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I have a primula plant that is purple. I have noticed now off the same plant are white flowers not purple ones. My now passed away Mom once said to cut these off as it means the plant has gone to seed. I was not sure if this is correct.

BobTheGardener

Hi Laurie, if seeds from any primula are sown, they usually revert to a form more akin to the wild species (vulgaris), as they cross-pollinate very easily and the wild form has strongly dominant genes.  There is a chance that this is what has happened and the plant has self-sown right next to itself with the original dieing without you noticing.  If you are certain it is the same plant, it could just be adverse weather conditions and the next set of flowers will be 'normal'.  There was a recent thread where a tall type (perhaps a candelabra) produced short instead of long stems and this was probably also related to unusual growing conditions.

Hi Bob the gardener,

Thank you so much for your information. I found it very interesting. I am just a novice gardener with a tiny yard but I luv to get out in the dirt and plant! I think you are right about the cross pollination. When it has bloomed and faded I will then move it from the container to my small garden for next spring. Thanks so much as I did not think anyone would answer me! Have a great day and happy gardening.

Laurie

chilli lover

Hi Laurie - there are lots of lovely people here who will answer you! I imagine growing in Canada might be a bit different from the UK but Wikipedia says you have a "fertile land and temperate climate" so good luck !

Hi chilli lover,

I am new to the site and felt kinda silly as I think I am not a very experienced gardener  and likely alot of people on this site are very avid knowledgeable gardeners. I would normally ask my Mom as she knew all the garden answers but she is no longer with us. I live near Vancouver, BC just a suburb of the city. It is very wet here currenlty but yes the climate is normally pretty warm for the most part. Maybe one day I will be lucky enough to visit the UK. Thanks so much and cheers.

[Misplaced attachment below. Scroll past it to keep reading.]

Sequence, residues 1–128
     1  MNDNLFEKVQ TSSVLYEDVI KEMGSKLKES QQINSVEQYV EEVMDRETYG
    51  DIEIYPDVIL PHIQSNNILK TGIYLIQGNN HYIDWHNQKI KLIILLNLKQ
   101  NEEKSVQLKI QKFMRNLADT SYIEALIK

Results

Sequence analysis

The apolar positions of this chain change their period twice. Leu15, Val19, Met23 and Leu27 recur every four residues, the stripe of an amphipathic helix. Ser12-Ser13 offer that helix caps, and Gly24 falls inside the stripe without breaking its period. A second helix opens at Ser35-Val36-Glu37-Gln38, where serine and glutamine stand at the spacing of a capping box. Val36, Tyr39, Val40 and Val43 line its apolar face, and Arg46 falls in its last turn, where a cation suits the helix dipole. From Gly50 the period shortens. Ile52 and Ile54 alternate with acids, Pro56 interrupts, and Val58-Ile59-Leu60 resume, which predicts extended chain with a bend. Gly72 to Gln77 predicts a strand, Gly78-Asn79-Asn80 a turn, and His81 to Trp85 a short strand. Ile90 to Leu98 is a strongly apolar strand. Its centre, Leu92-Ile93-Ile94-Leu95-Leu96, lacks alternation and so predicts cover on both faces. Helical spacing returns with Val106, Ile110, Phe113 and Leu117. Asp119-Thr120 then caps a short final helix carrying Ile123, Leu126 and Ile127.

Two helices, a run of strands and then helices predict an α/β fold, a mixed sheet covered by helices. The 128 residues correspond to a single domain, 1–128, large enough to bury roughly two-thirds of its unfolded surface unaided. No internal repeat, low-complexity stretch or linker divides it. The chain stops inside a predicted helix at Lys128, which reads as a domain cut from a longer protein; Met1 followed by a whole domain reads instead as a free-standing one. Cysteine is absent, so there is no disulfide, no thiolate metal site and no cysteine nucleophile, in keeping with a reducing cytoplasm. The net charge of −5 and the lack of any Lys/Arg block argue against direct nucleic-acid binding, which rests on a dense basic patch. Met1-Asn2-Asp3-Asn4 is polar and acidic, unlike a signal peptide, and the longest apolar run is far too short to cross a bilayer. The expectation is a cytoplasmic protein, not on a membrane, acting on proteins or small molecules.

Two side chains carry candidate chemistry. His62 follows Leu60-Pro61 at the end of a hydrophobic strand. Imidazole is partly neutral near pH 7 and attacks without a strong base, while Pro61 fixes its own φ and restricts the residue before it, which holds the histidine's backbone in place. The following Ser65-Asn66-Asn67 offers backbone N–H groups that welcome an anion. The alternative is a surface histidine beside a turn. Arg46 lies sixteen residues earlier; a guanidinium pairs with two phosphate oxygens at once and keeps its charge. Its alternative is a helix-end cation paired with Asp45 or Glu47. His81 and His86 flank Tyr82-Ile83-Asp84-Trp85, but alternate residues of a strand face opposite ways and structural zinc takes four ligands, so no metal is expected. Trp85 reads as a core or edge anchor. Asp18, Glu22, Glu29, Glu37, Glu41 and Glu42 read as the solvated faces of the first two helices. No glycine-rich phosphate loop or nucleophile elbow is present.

Laurie

 

 

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hollie hock

Good question Laurie, I've noticed several variations of colour in my wild primoses which I expected to be yellow, but have some that are pink and darker almost red types. All types of people with varied experience on here, great place to ask questions.

Question Bob, do these type of plants have both the male and female parts in order to pollinate and reproduce?  Which then give rise to all the different genetic variations. I'm assuming that these type of plants are wind pollinated. It's been a long time since I've done biology of plants, always enjoyed it in school but now as a gardener I'm much more interested.

 

BobTheGardener

Hi hollie hock,  Primulas have some of the most complex and interesting ways of pollinating.  They can be wind pollinated, but are primarily insect pollinated (usually by bumble bees.)  Not everything is known about them.  Some species can self-pollinate and some are what is termed "heterostylous" meaning they can have different shapes of flowers with pollen being produced at different parts (thought to have evolved so that several different insects can pollinate them), but each individual plant will have the same morphism regarding its' own flowers.  This polymorphism is probably why breeders have been able to produce the huge number of radically different cultivars we see today.  There are literally thousands of scientific papers concerned with primula pollination!